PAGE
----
That’s just the way Lopez likes it. “I like to keep people kind of confused and guessing ultimately,” he said. “I think that music, at least the music that I want, is better when the performers is on their toes. I don’t want them to feel too comfortable.”

Comfort isn’t exactly at issue in Lopez’s solo performances, but here too, he thinks in collective terms. “My solo playing is kind of like a way for me to push my abilities to play with other people. I try to craft long ideas on this difficult instrument, and I try to push my technique, my physical technique, as far as it goes, and also the ideas as far as they can go so that when I do need somebody else, I can be there.”

Brandon Lopez wsg John Weise, Friday, June 9, 7 p.m. and wsg TAK Ensemble, Saturday, June 10 at Convivium 33 Gallery, 1433 E. 33rd St., Cleveland as part of Cleveland Uncommon Sound Project’s Re:Sound Festival. $20-25 per concert sliding scale; no one will be turned away for a lack of funds. Tickets available here.

Trading Fours

There’s never a bad time to get out and commune in the same room with creative musicians. Below are four musical events of interest in the coming week that you might want to check out.

Jazz Is PHSH
Thursday, June 1, 8 p.m.
Bop Stop, 2920 Detroit Rd., Cleveland. (tickets)

If you think politics is a polarizing topic, try attending a gathering of music geeks and bringing up the long-running phenomenon that is Phish. It’s safe to say that you love ‘em or you hate ‘em, and that goes for jazz fans, too. If you’re in the latter category, don’t @ me for bringing up this event, which, in any case, is likely to be sold out by the time you read this.

Tommy Lehman’s Uplift Quartet and Hubb’s Groove
Friday, June 2, 6 p.m.
Waterloo Tower Stage, Waterloo Rd. at 156th St., Cleveland. (free)

The series of free concerts presented by the Cleveland Rocks: Past, Present, Future organization under the Waterloo Makes Music banner is one of NEO’s hidden treasures. With the action moving outdoors, now is a perfect time to see and hear what you’ve been missing. And just in case you’re on the fence Friday, two of the region’s feel-good bands raise the FOMO stakes.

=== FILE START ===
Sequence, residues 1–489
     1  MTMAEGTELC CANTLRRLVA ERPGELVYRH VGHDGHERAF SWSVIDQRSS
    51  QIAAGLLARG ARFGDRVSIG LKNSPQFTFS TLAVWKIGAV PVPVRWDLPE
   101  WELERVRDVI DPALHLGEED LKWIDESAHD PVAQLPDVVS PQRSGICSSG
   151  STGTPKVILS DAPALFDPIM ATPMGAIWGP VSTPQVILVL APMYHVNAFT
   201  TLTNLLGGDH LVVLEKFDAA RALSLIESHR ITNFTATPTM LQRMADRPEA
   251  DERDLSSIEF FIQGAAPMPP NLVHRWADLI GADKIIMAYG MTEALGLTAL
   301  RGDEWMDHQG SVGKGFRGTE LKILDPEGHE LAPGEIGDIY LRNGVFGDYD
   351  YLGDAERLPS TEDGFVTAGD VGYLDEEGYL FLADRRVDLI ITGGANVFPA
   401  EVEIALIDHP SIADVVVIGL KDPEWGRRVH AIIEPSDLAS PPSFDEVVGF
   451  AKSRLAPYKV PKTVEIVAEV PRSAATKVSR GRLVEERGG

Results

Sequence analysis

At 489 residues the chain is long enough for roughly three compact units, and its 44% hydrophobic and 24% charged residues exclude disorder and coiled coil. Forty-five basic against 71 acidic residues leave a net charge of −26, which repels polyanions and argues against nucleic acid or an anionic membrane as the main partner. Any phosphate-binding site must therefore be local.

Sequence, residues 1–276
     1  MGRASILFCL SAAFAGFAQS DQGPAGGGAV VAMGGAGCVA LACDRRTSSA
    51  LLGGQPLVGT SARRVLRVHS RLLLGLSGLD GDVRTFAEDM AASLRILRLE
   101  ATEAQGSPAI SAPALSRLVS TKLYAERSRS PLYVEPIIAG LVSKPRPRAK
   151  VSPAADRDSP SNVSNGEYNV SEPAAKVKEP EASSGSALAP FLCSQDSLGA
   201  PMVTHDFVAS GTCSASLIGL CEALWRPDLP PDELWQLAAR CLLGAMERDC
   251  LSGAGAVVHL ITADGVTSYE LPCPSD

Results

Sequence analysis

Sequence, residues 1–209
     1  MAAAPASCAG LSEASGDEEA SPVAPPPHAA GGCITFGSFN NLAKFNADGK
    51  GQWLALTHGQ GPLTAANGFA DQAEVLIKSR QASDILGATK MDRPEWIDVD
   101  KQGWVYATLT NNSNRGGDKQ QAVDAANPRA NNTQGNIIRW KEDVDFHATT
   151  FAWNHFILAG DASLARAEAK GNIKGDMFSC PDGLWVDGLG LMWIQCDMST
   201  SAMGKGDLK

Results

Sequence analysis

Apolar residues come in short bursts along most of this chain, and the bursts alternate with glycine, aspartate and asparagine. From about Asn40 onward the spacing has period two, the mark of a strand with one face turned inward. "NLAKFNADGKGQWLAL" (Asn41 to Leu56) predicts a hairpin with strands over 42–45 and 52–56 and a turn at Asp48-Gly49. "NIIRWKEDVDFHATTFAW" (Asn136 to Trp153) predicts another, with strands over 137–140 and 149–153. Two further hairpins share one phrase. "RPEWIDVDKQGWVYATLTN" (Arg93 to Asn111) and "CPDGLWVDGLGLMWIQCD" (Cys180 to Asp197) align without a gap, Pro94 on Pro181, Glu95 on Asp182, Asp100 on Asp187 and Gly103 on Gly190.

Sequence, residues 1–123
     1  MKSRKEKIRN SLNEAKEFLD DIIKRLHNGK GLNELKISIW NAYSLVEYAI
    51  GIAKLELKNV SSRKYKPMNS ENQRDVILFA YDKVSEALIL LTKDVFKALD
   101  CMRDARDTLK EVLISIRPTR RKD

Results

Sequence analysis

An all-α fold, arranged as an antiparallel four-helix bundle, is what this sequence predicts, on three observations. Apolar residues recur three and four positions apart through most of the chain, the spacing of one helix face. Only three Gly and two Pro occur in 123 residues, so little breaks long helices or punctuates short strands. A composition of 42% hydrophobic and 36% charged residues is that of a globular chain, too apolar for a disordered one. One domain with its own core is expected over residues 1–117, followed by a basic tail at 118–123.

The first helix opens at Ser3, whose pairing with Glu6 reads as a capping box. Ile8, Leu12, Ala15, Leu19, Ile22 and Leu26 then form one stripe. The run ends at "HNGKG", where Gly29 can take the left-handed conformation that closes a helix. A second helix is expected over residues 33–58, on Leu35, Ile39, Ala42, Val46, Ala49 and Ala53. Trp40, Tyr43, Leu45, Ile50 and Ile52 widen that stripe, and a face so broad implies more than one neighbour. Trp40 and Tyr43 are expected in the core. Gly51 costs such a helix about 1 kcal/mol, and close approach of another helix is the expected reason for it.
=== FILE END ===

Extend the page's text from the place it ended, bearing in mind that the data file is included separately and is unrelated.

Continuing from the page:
Friday, June 2, 8 p.m.
Blu Jazz+, 47 E. Market St., Akron. (tickets)

You would think that between gigging with Stephen Philip Harvey, Anthony Taddeo’s increasingly busy Alla Boara band and his own :beta collective, guitarist Dan Bruce’s calendar would be full. Yet here he is with Ohm!, a new trio of bassist Denzel Chismar-Oliver and Nathan Douds on drums, making their maiden voyage. Resistance is futile.

Clint Bliel/Bryan Kennard Octet
Sunday, June 4, 7 p.m.
Bop Stop, 2920 Detroit Rd., Cleveland. (tickets)

Let’s say you are the director of a jazz club and you need a band to fill a dark night on your schedule. What do you do? If you’re Bop Stop’s Bryan Kennard, you book your own band, and you do it without shame because who wouldn’t want to come out and hear ace players such as saxophonist Bliel, Zach Warren on trombone, pianist Grant Heineman, Aidan Plank on bass, Zaire Darden on drums and the busy Messrs. Lehman and Bruce?

Information for this section came from Jim Szabo’s essential, weekly Northeast Ohio jazz calendar , NEO’s most complete list of jazz and jazz-adjacent events.